Punks or Pensioners?

Never forget – The classic 1970s pensioner recoiled at the sight of our Punk Girl “ex-military boots” (they weren’t “ladylike”) and our ripped t-shirts (only good for the duster bag), and as much as they were horrified by that “foul mouthed group of yobs” on their beloved Bill Grundy Show. If they would have just looked a tiny bit closer and not believed everything that they had read in the tabloids quite so much, they would have also been horrified to have found that we had more in common than either of us thought. Fashion-wise, as an alternative to leather bikers jackets, the “Granny” jacket, that could be bought quite easily from charity shops in the late 70s became de regueur punk girl wear. Jackets from the 1950s or sometimes earlier, tailored coats with velvet collars, mohair fabrics, or dog-tooth checks, with furry cuffs. Admittedly, punk girls would wear them purposely too tight or too loose, bedecked with badges, worn over band t-shirts, with ski pants and Dr Martens boots, whereas actual old ladies generally chose the rain-hood, surgical stockings, scowl and shopping trolley look. So, related in a distant cousin kind of way, but this wasn’t the only area of common ground.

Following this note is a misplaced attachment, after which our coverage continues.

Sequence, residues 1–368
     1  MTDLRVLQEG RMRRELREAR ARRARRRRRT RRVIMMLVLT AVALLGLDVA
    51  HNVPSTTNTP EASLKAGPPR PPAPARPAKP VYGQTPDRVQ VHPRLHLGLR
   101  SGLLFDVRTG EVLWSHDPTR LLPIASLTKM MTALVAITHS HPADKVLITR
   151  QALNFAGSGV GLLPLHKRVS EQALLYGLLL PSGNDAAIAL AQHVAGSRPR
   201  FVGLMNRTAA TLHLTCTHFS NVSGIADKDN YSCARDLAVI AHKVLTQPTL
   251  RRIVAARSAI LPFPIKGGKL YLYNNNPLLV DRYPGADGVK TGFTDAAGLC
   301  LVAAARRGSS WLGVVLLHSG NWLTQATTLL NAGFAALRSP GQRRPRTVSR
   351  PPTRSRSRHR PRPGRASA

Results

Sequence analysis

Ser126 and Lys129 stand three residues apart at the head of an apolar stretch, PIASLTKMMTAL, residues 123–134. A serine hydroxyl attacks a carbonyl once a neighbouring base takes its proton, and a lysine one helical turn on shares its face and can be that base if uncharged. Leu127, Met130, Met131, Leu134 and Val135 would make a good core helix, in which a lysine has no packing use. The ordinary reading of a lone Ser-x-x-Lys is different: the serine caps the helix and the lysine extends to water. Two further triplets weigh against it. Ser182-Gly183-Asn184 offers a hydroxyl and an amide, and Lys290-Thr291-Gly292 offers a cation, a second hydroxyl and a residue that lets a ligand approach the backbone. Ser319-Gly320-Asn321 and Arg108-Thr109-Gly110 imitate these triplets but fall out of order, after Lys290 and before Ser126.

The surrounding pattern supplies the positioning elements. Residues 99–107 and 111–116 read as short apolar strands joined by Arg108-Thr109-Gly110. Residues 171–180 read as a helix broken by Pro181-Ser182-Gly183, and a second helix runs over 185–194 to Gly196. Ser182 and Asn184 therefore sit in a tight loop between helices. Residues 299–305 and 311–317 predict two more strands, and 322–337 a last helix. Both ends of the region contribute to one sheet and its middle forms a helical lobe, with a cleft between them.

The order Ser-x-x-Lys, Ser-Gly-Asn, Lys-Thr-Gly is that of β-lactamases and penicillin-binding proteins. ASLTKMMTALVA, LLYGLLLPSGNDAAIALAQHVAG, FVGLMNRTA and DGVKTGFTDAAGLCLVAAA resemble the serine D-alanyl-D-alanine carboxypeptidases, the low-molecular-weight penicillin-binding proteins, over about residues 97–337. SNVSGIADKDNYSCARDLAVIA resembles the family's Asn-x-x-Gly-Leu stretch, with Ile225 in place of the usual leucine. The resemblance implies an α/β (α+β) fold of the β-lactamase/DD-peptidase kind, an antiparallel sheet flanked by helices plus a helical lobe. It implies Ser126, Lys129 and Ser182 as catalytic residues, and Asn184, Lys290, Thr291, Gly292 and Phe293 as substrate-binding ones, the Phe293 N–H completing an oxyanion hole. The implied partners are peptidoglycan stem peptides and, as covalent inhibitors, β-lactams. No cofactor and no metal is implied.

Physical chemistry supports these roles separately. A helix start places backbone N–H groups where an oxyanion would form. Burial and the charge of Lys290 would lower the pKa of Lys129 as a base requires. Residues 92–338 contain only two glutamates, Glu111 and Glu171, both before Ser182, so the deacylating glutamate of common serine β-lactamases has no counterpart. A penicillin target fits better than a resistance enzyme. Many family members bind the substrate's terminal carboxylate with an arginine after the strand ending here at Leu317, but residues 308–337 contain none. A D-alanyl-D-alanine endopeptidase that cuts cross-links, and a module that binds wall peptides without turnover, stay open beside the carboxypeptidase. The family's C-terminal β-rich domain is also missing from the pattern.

Punk rock as a youth culture was also as frugal as any pensioner, we had rejected expensive things, we mocked the modern consumer society, and just like a pack of teenage pensioners we adapted, we made do and mended things, we knitted mohair jumpers with oversize needles, we altered clothes, and we made fanzines and flyers cut up from discarded newspapers and magazines. There was a sort of Blitz Spirit to punk, a “them” and “us”, and a refusal to cave in or back down.
Old people also shared our love of military wear, although were generally less enthusiastic about the fact that we’d acquired ours from the local surplus store and then customised it with studs and patches – rather than actually having to fight in a World War and live on rations for 5 years.
Pretty soon we’ll all be real punk rock pensioners.

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